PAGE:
events
August 10, 2006

T3 8/10: Duncan McCall on PublicEarth

Talks, Visitors

[Thursday the 10th will be by Duncan McCall on a concept he’s rallying effort around; stay tuned for the 17th, which will likely be about SynchroEdit and other two-way-web technology…]

No one will deny that the ‘geospatial’ revolution is well underway, with an explosion in GPS based personal navigation devices, the rapid GPS enabling of the ubiquitous cellphone platform – and the mainstream adoption of internet mapping services such as Google Local and Microsoft Virtual Earth, the stage is truly set for us to embark on the ‘next generation’ of location based services.

So it’s not hard to envisage a very near future where we truly have an annotated planet – and users can interrogate a digital device on the fly to view rich layers of location specific categorized content, that literally bring the world around a user alive with specific, organized, concise and up-to-date descriptions of specific points of interest in that users physical environment.

Find out what exactly that scenic viewpoint off the highway ahead of you has in store, learn about the history of a historical building as you stand in front of it, locate the description of a great local hike, find a pickup game of soccer in a local park on the fly, or search for a nearby hotel with exactly the right amenities…

Few will deny that this reality will happen, indeed many of the pieces are already in place, the mapping and satellite imagery infrastructure, the delivery mechanism through personal navigation devices, cellphones and ‘smart’ mobile devices, a hugely enthusiastic user community, and of course the internet to tie many of the pieces together.

But there is one critical component missing, if we truly want to experience this ‘next generation’ of location based services.

That is the content.

Currently no one entity is focused on creating a data source of meaningful next generation location based content, in an organized, categorized, relevant and useable format. Much of it already exists in many fragmented forms, but until now there has been no one unifying entity to capture, edit and create all of this critical location based content.

It is the goal of PublicEarth to become the Number 1 data source for this next generation of location specific data and content.

PublicEarth will create a database of relevant and concise, constantly updated content, created and managed by users, for users, content attached through geographical coordinates to relevant points of interest in the physical world, describing in organized detail the attributes of those points of interest, accessible through a simple intuitive web mapping interface, with the goal of making much of the content available to mobile devices. This open and ever evolving database, describing the world around us, in organized, structured detail – will become the de facto international standard for the next generation of mapping and mobile geographical specific content, with a very large participating user community, operating in an open source and collaborative Wiki model, tagging a huge range of searchable and organized content to huge range of specific points of interest in the physical world. Access to this database will be licensed to mobile carriers and content providers looking to sell access to location specific rich content on the new generation of location aware mobile devices. With additional revenue driven by the huge opportunity for geo-specific paid content & advertising.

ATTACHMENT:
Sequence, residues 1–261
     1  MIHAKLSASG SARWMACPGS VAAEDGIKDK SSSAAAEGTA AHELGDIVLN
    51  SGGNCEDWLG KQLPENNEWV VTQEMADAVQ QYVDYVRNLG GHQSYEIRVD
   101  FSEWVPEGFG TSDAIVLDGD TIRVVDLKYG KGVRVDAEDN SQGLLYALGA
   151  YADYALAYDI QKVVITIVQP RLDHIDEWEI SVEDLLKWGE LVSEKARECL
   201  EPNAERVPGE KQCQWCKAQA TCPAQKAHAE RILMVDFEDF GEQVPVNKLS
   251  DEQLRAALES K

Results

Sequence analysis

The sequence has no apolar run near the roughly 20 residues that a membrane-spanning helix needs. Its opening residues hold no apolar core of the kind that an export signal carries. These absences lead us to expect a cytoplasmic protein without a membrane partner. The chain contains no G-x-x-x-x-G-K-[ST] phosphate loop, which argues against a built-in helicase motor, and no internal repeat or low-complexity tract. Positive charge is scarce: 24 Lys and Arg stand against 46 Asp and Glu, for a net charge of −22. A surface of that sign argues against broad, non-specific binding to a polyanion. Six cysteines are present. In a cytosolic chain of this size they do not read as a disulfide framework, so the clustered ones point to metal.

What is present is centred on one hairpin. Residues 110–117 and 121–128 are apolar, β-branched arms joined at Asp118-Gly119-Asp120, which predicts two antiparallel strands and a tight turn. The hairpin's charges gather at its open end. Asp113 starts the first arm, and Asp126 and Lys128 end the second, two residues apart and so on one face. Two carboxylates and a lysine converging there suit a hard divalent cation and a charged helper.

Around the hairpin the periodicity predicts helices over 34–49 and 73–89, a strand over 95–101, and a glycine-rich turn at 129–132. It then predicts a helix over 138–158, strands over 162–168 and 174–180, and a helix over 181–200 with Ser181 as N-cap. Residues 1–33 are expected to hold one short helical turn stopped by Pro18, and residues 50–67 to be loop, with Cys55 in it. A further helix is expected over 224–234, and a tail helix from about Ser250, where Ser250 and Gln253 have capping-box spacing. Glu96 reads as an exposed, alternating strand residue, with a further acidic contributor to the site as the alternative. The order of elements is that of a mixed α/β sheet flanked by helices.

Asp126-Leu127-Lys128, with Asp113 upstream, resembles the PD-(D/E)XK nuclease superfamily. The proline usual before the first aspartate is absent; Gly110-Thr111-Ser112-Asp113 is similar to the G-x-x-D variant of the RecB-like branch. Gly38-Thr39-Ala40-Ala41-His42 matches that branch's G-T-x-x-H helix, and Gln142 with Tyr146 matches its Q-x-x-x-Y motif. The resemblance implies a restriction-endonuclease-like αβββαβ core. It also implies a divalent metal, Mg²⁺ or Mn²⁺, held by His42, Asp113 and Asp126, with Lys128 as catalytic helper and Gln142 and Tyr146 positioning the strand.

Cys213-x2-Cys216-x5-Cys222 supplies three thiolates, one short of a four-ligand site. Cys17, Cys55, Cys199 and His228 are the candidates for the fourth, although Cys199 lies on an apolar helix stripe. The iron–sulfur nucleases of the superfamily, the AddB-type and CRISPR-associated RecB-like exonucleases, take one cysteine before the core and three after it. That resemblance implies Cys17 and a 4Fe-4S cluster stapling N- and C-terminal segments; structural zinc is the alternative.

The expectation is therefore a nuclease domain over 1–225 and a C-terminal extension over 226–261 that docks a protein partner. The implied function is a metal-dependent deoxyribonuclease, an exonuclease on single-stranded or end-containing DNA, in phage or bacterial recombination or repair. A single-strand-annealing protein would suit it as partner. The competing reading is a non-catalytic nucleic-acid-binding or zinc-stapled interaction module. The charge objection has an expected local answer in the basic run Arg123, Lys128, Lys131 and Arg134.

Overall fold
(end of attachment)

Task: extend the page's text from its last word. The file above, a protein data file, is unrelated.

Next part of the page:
Importantly the goal of PublicEarth is not to be another technology tour de force, narrowly focused web 2.0 app, looking solely to monetize eyeballs – but it will build out a worldwide directory of organized, structured, relevant, meaningful location based content – that can deliver (and derive) huge value from a very demographically wide, international user base, with a multitude of very real and meaningful commercial opportunities.

PublicEarth will create a database of relevant and concise, constantly updated content, created and managed by users, for users – content attached through geographical coordinates to relevant points of interest in the physical world, describing in organized detail the attributes of those points of interest, accessible through a simple intuitive web mapping interface, with the goal of making much of the content available to mobile devices.


This open and ever evolving database ‘describing the world around us’ in organized, structured detail – will become the de facto standard for the next generation of mapping and mobile geographical specific content, with a very large participating user community, operating in an open source and collaborative Wiki model – tagging a huge range of searchable and organized content to anything and everything in the physical world.


Access to this database will be licensed to mobile carriers and content providers looking to sell access to location specific rich content on the new generation of location aware mobile devices, (smart phones, GPS’s, Onstar, etc… wanting to provide an additional layer of depth and richness of POI data.) and additional revenue driven by the huge opportunity for geo-specific paid content & advertising.